MSn : This symbol refers to multi-stage MS/MS experiments designed to record product ion spectra where n is the number of product ion stages (progeny ions). For ion traps, sequential MS/MS experiments can be undertaken where n > 2 whereas for a simple triple quadrupole system n = 2. Synonymous with multiple-stage mass spectrometry.

m/z – The three-character symbol m/z is used to denote the dimensionless quantity formed by dividing the mass of an ion by the unified atomic mass unit and also by its charge number (regardless of sign). The symbol is written in italicized lower case letters with no spaces.

Negative Ion : An atomic or molecular species having a net negative electric charge.

Neutral Loss : The loss of an uncharged species from an ion during either a rearrangement process or direct dissociation.

Nominal Mass : The mass of an ion or molecule calculated using the mass of the most abundant isotope of each element rounded to the nearest integer value. It is in effect the sum of the mass numbers of all constituent atoms.

Peak : A localized region of relatively large ion signal in a mass spectrum. Although peaks are often associated with particular ions, the terms peak and ion should not be used interchangeably.

Peak Intensity : The height or area of a peak in a mass spectrum.

Peak Matching : A method for measuring the accurate mass of an ion using scanning mass spectrometers, in which the peak corresponding to the unknown ion and that for a reference ion of known m/z are displayed alternately on a display screen and caused to overlap by adjusting appropriate electric fields.

Positive Ion : An atomic or molecular species having a net positive electric charge.


Precursor Ion : An ion that reacts to form particular product ions. The reaction can be unimolecular dissociation, ion/molecule reaction, isomerization, or change in charge state.

The term parent ion is not recommended.

Product Ion : An ion or ions arising from the precursor ion by collisionally induced dissociation under tandem mass spectrometry.

Proton Affinity : The proton affinity of a species M is defined as the negative of the enthalpy change for the reaction M+H+ → [M+H]+, where all species are in their ground rotational, vibrational and electronic states.

Protonated Molecule : An ion formed by interaction of a molecule with a proton, and represented by the symbolism [M+H]+. The terms protonated molecular ion, quasi-molecular ion and pseudo-molecular ion are not recommended.

Radical Ion : An ion, either a cation or anion, containing unpaired electrons in its ground state. The unpaired electron is denoted by a superscript dot alongside the superscript symbol for charge, such as for the molecular ion of a molecule M, that is, M+•.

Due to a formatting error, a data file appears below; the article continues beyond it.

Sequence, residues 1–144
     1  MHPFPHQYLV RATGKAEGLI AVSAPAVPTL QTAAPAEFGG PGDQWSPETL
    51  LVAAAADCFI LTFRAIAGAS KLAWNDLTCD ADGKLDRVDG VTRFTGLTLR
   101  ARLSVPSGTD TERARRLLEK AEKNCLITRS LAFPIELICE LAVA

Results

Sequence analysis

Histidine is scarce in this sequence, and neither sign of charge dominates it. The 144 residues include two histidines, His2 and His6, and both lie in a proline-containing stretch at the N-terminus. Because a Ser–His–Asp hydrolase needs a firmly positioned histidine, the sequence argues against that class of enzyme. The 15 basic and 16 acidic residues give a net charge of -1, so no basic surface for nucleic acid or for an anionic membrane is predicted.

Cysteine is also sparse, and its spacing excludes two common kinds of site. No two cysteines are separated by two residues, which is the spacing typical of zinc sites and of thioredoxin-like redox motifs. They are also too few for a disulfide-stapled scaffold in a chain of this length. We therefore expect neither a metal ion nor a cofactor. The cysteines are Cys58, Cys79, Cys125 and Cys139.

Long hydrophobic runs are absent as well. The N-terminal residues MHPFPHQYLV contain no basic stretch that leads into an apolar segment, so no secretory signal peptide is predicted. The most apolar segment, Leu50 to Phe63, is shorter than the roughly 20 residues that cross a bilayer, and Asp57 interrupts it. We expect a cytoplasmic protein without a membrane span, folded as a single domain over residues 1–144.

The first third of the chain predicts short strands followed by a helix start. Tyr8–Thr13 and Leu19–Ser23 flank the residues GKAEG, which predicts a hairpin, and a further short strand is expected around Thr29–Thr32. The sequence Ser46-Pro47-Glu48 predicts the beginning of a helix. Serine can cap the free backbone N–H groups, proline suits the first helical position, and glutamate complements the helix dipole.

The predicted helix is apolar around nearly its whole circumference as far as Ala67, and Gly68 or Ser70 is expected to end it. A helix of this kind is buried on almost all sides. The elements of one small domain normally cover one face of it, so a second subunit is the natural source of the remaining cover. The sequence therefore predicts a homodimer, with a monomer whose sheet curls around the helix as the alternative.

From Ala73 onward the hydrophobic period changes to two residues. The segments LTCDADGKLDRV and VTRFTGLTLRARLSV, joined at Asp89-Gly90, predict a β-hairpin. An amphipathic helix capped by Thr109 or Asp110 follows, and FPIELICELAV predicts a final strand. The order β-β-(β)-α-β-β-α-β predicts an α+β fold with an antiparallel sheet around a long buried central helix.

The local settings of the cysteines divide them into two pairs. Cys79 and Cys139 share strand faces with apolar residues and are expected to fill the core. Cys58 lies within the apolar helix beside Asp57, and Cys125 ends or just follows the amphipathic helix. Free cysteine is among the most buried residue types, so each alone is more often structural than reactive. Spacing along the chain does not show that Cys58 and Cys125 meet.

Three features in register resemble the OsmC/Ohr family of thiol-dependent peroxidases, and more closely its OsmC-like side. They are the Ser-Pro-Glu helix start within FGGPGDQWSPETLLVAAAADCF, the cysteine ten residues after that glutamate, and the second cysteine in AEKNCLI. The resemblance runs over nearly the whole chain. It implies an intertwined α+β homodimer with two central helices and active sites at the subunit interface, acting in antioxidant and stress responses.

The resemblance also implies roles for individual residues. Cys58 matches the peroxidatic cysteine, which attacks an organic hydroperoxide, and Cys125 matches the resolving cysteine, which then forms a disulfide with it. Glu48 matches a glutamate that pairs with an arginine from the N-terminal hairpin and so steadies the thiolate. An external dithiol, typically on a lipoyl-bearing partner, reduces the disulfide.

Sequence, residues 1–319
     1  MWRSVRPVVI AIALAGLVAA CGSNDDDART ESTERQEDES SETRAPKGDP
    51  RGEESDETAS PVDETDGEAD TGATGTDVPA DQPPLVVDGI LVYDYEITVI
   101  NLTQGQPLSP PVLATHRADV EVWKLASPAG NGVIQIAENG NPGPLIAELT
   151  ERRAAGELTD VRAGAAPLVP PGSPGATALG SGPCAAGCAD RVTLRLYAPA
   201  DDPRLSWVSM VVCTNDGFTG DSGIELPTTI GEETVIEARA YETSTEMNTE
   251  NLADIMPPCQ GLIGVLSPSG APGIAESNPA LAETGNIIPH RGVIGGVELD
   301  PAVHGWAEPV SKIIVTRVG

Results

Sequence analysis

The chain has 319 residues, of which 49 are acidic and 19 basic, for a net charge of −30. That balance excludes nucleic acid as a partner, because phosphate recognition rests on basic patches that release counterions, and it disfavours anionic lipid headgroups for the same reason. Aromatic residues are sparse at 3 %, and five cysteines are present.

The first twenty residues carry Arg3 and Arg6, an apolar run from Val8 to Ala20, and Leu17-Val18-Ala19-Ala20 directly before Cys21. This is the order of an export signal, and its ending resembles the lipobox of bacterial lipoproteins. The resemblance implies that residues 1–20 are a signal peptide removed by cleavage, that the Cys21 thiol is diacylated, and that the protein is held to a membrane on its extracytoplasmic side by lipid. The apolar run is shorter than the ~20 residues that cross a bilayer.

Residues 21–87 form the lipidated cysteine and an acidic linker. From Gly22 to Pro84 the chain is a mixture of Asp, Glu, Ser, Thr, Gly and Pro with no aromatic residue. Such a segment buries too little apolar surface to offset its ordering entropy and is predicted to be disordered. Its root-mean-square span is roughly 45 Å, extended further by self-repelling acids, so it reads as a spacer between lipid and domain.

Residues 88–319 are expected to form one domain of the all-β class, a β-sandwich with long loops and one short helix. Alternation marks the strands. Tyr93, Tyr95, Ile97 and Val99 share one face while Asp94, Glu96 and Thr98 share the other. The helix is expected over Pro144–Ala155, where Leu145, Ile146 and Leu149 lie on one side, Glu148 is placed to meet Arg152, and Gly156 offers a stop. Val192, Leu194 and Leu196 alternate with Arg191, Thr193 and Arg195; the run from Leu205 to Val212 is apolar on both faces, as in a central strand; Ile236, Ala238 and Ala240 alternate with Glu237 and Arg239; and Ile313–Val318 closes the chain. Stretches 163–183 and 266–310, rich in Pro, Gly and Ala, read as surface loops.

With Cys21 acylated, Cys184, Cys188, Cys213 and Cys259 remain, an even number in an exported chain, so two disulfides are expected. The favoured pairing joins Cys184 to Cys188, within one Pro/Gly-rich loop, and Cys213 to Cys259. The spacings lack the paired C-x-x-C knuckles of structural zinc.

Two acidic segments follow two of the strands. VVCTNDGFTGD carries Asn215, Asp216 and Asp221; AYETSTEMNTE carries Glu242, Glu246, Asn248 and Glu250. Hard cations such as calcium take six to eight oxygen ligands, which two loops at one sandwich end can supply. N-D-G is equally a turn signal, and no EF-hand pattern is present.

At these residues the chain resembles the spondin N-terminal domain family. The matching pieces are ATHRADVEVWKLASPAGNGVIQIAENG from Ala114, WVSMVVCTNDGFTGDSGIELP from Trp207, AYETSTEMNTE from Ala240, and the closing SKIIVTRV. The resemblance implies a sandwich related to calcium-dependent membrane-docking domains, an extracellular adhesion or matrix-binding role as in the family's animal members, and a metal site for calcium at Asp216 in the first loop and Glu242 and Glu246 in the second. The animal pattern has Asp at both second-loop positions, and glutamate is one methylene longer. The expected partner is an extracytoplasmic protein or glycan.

Reagent Ion : An ion produced in large excess in a chemical ionization source that reacts with neutral sample molecules to produce an ionized form of the molecule through an ion/molecule reaction.

Selected Ion Monitoring (SIM) : The operation of a mass spectrometer in which the abundances of several ions of specific m/z values are recorded rather than the entire mass spectrum.

Selected Reaction Monitoring (SRM) : Data acquired from specific product ions corresponding to m/z selected precursor ions recorded via two or more stages of mass spectrometry. Selected reaction monitoring can be preformed as tandem mass spectrometry in time or tandem mass spectrometry in space.

Soft Ionization : The formation of gas-phase ions without extensive fragmentation.

8. Conclusion

Mass spectrometry is one of the most sensitive analytical technique used for structure elucidation of chemicals. It is very useful tool for:

♥ Identification of unknown compounds;

♥ Quantification of known materials; and ♥ Structure elucidation of molecules

All the above can be accomplished with very small quantities 9. Bibliography

1. IUPAC, Compendium of Chemical Terminology, 2nd ed. (the "Gold Book") (1997).

2. Griffiths, Jennifer (2008). "A Brief History of Mass Spectrometry". Analytical Chemistry. 80 (15): 5678–5683.

3. Dass, Chhabil. Fundamentals of Contemporary Mass Spectrometry - Dass - Wiley Online Library (http://doi.wiley.com/10.1002/0470118490). doi:10.1002/0470118490 (https://doi.org/10.1002%2F0470118490).

4. R. Davis, M. Frearson, (1987). Mass Spectrometry – Analytical Chemistry by Open Learning, John Wiley & Sons, London.

5. Murray, K.K., Boyd, R.K., Eberlin, M.N., Langley, G.J., Li, L., and Naito, Y. (2013) Definitions of terms relating to mass spectrometry (IUPAC Recommendations 2013).

Pure Appl. Chem., 85, 1515–1609.


6. Scott E. Van Bramer, An Introduction to Mass Spectrometry, 1998, http://science.widener.edu/~svanbram